Journal of Chemical Ecology

, Volume 37, Issue 12, pp 1294–1303 | Cite as

Herbivore-Induced Changes in Tomato (Solanum lycopersicum) Primary Metabolism: A Whole Plant Perspective

  • Adam D. Steinbrenner
  • Sara Gómez
  • Sonia Osorio
  • Alisdair R. Fernie
  • Colin M. Orians


Induced changes in primary metabolism are important plant responses to herbivory, providing energy and metabolic precursors for defense compounds. Metabolic shifts also can lead to reallocation of leaf resources to storage tissues, thus increasing a plant’s tolerance. We characterized whole-plant metabolic responses of tomato (Solanum lycopersicum) 24 h after leaf herbivory by two caterpillars (the generalist Helicoverpa zea and the specialist Manduca sexta) by using GC-MS. We measured 56 primary metabolites across the leaves, stems, roots, and apex, comparing herbivore-attacked plants to undamaged plants and mechanically damaged plants. Induced metabolic change, in terms of magnitude and number of individual concentration changes, was stronger in the apex and root tissues than in undamaged leaflets of damaged leaves, indicating rapid and significant whole-plant responses to damage. Helicoverpa zea altered many more metabolites than M. sexta across most tissues, suggesting an enhanced plant response to H. zea herbivory. Helicoverpa zea herbivory strongly affected concentrations of defense-related metabolites (simple phenolics and precursor amino acids), while M. sexta altered metabolites associated with carbon and nitrogen transport. We conclude that herbivory induces many systemic primary metabolic changes in tomato, and that changes often are specific to a single tissue or type of herbivore. The potential implications of primary metabolic changes are discussed in relation to resistance and tolerance.

Key Words

Herbivory Manduca sexta Helicoverpa zea Systemic responses Tolerance Resistance Induced sequestration Metabolomics 



We thank B. Trimmer (Tufts University) and G. Felton (Pennsylvania State University) for provision of M. sexta and H. zea caterpillars, respectively. We thank T. Korpita for help during sample preparation and D. Marshall and B. Tavernia for statistical advice. F. Chew, G. Ellmore, N. van Dam, and two anonymous reviewers provided valuable comments on a previous version of the manuscript. ADS was supported by The Neubauer Scholars Program, The Paula Frazier Poskitt Memorial Scholarship, and the Astronaut Scholarship. This research was supported by the National Research Initiative of the USDA Cooperative State Research, Education and Extension Service under USDA/CSREES grant 2007-35302-18351 to CMO.

Supplementary material

10886_2011_42_Fig4_ESM.jpg (9 kb)
Fig. S1

Plot of top two principal components from overall PCA (all tissues included) of 51 common, non-saturated metabolites. Points indicate individual plant tissue samples. Tissue groupings pool both herbivore-treated and control treatments. Total number of measured metabolites was 47 for leaves, 43 for stems, 43 for apex, and 35 for roots (see Fig. 1 for further information). (JPEG 8 kb)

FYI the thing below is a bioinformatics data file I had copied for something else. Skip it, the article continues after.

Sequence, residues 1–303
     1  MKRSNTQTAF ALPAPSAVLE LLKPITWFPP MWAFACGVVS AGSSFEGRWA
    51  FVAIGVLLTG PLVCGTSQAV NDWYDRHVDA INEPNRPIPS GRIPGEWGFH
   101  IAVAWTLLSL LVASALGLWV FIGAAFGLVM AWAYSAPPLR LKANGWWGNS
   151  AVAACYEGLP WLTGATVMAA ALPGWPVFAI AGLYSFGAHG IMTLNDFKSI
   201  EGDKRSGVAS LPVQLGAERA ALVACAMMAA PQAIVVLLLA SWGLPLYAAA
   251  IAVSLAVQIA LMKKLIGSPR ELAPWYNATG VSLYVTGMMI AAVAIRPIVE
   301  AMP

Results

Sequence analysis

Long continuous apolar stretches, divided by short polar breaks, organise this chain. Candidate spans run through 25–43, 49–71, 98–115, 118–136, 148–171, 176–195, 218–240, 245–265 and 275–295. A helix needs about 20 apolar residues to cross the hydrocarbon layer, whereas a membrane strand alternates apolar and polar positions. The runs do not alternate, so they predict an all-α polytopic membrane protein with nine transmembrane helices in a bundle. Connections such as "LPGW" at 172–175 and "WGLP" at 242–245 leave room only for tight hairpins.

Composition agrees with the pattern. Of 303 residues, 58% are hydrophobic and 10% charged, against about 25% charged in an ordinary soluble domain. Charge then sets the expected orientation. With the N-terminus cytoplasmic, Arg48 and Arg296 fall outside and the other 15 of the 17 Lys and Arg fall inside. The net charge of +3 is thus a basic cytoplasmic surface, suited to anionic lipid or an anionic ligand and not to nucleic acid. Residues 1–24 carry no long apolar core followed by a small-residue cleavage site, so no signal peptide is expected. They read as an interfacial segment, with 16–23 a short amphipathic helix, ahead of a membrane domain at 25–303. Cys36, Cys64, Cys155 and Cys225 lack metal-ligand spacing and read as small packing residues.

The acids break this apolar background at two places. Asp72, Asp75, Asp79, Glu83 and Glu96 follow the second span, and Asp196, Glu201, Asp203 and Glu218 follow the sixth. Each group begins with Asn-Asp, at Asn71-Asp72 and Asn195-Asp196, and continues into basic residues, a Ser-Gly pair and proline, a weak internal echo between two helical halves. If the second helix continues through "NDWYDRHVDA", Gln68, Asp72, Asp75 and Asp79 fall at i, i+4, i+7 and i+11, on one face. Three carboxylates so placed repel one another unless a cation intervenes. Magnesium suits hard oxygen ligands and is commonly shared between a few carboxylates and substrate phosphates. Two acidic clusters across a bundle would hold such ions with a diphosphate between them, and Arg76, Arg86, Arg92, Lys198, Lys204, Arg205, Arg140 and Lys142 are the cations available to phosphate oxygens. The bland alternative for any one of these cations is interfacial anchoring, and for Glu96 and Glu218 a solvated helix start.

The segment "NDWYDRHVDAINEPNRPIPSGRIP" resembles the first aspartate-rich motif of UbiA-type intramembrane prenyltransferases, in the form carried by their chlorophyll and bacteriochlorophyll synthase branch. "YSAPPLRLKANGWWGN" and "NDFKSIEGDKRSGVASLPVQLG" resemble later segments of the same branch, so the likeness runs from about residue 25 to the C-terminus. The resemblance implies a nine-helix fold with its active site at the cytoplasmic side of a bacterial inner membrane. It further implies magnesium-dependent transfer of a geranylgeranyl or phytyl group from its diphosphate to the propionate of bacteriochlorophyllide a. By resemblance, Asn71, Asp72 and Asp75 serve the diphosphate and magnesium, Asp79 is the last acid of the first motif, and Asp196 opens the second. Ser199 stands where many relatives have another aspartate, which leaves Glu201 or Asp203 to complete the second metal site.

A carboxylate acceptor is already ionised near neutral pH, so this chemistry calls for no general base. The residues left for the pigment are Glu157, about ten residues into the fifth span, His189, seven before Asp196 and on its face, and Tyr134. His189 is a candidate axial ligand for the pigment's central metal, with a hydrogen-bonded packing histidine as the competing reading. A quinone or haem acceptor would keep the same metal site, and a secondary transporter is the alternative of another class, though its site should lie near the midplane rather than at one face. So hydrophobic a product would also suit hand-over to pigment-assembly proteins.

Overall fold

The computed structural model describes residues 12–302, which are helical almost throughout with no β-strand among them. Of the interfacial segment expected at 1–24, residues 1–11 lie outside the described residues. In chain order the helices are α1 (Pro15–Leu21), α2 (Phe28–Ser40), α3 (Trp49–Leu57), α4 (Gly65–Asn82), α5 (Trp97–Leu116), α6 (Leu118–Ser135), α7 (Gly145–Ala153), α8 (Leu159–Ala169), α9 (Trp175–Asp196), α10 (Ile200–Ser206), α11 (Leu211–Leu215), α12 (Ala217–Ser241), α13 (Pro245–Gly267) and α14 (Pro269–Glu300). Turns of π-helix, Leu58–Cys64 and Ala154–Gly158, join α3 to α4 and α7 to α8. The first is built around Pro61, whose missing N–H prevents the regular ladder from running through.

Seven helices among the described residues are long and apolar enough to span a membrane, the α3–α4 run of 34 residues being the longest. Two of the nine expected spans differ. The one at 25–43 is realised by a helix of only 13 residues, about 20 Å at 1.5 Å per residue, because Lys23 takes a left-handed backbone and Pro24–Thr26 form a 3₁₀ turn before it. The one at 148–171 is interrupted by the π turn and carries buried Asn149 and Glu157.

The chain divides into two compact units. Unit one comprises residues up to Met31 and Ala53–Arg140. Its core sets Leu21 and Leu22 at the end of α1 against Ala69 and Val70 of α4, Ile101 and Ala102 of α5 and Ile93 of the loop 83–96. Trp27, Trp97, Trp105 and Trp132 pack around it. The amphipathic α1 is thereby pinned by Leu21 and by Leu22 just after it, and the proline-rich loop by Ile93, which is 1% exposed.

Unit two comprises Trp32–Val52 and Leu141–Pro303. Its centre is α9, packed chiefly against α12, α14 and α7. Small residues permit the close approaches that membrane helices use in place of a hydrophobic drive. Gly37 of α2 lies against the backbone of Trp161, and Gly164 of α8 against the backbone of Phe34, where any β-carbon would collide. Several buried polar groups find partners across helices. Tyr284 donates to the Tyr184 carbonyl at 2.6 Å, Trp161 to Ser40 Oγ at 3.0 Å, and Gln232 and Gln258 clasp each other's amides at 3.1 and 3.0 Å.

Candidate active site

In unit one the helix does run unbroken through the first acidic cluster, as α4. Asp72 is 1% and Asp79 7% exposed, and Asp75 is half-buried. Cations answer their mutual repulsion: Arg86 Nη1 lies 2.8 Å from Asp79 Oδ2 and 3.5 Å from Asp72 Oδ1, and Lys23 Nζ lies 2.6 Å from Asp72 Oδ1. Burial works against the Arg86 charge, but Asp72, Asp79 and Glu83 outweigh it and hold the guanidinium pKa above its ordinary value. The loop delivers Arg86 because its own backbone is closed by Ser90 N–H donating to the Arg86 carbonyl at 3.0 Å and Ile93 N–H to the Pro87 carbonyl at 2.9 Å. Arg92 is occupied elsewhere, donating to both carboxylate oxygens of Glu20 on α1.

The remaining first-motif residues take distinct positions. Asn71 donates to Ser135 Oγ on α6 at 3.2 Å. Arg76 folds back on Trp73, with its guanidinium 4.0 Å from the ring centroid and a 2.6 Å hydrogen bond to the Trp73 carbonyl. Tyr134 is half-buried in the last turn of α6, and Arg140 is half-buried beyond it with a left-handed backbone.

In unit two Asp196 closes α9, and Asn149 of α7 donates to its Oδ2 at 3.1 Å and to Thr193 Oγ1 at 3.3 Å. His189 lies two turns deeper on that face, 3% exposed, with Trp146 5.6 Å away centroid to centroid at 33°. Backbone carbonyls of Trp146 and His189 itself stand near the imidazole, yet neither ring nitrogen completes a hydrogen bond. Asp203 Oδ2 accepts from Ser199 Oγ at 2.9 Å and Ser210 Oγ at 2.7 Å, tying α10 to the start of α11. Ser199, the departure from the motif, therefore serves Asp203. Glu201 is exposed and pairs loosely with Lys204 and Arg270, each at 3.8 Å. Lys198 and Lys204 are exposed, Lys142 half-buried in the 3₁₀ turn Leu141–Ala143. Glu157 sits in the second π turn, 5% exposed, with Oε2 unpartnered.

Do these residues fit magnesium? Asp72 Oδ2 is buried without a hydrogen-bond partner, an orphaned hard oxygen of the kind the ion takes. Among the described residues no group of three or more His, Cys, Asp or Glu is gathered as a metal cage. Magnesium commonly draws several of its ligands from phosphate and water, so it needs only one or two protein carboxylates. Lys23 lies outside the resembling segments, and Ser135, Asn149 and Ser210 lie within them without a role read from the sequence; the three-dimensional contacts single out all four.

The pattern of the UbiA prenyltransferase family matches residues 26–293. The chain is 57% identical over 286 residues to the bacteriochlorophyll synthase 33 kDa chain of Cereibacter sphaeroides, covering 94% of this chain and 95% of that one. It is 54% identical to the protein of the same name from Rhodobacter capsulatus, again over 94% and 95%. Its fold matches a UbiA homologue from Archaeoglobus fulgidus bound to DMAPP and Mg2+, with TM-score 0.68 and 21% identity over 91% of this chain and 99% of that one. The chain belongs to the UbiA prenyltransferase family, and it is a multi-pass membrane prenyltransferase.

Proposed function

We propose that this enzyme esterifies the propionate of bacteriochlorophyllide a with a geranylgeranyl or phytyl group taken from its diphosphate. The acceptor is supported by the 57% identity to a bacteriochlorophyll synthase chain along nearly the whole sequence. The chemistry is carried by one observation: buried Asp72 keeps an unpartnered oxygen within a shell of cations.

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High resolution (TIFF 2109 kb)
10886_2011_42_Fig5_ESM.jpg (32 kb)
Fig S2

Plots of top 2 principal components from tissue-specific principal component analysis. Points represent means for each treatment (see Fig. 1 for number of plant replicates measured per treatment). Standard deviations are shown on both axes. Total number of measured metabolites was 47 for leaves, 43 for stems, 43 for apex, and 35 for roots (see Fig. 1 for further information). (JPEG 31 kb)

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High resolution (TIFF 5146 kb)
10886_2011_42_Fig6_ESM.jpg (52 kb)
Fig. S3

Mean relative concentration values of metabolites relative to mechanically damaged control means (1.0). Statistically significant differences from undamaged plants (Student’s t-test, P < 0.05) are highlighted with a shaded box. Sample size (number of plants) is given above each tissue-treatment combination. See Fig. 1 for samples sizes for mechanically damaged plants. Treatment labels: “Ms”, Manduca sexta herbivory, “Hz”, Helicoverpa zea herbivory. Nitrogen-transporting amino acids, abundant cellular sugars, amino acid products of the shikimate pathway, and components of phenylpropanoid metabolism are underlined and highlighted in bold. (JPEG 51 kb)

10886_2011_42_MOESM3_ESM.tiff (3.4 mb)
High resolution (TIFF 3478 kb)


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Copyright information

© Springer Science+Business Media, LLC 2011

Authors and Affiliations

  • Adam D. Steinbrenner
    • 1
    • 2
  • Sara Gómez
    • 1
    • 3
  • Sonia Osorio
    • 4
  • Alisdair R. Fernie
    • 4
  • Colin M. Orians
    • 1
  1. 1.Department of BiologyTufts UniversityMedfordUSA
  2. 2.Department of Plant and Microbial BiologyUniversity of California BerkeleyBerkeleyUSA
  3. 3.Department of Biological SciencesUniversity of Rhode IslandKingstonUSA
  4. 4.Max-Planck-Institut für Molekulare PflanzenphysiologiePotsdam-GolmGermany

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